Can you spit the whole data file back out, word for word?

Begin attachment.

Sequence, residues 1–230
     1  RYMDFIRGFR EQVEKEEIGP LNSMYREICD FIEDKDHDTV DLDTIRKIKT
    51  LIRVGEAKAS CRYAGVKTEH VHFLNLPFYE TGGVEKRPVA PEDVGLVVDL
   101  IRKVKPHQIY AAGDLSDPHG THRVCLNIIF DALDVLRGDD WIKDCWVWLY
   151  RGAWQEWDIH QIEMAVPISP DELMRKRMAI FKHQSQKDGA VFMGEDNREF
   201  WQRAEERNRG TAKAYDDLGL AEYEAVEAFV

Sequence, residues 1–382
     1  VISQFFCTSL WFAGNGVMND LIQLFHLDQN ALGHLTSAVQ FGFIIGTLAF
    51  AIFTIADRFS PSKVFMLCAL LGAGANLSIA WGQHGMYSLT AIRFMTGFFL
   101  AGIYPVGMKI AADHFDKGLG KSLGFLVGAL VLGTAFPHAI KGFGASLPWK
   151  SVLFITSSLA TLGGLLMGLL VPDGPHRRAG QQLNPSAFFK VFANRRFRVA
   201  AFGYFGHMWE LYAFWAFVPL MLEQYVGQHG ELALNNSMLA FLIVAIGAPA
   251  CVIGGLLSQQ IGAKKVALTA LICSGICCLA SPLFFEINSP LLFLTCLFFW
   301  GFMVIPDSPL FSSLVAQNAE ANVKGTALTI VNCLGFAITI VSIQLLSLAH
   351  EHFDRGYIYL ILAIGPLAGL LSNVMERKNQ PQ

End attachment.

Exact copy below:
Sequence, residues 1–230
     1  RYMDFIRGFR EQVEKEEIGP LNSMYREICD FIEDKDHDTV DLDTIRKIKT
    51  LIRVGEAKAS CRYAGVKTEH VHFLNLPFYE TGGVEKRPVA PEDVGLVVDL
   101  IRKVKPHQIY AAGDLSDPHG THRVCLNIIF DALDVLRGDD WIKDCWVWLY
   151  RGAWQEWDIH QIEMAVPISP DELMRKRMAI FKHQSQKDGA VFMGEDNREF
   201  WQRAEERNRG TAKAYDDLGL AEYEAVEAFV

Sequence, residues 1–382
     1  VISQFFCTSL WFAGNGVMND LIQLFHLDQN ALGHLTSAVQ FGFIIGTLAF
    51  AIFTIADRFS PSKVFMLCAL LGAGANLSIA WGQHGMYSLT AIRFMTGFFL
   101  AGIYPVGMKI AADHFDKGLG KSLGFLVGAL VLGTAFPHAI KGFGASLPWK
   151  SVLFITSSLA TLGGLLMGLL VPDGPHRRAG QQLNPSAFFK VFANRRFRVA
   201  AFGYFGHMWE LYAFWAFVPL MLEQYVGQHG ELALNNSMLA FLIVAIGAPA
   251  CVIGGLLSQQ IGAKKVALTA LICSGICCLA SPLFFEINSP LLFLTCLFFW
   301  GFMVIPDSPL FSSLVAQNAE ANVKGTALTI VNCLGFAITI VSIQLLSLAH
   351  EHFDRGYIYL ILAIGPLAGL LSNVMERKNQ PQ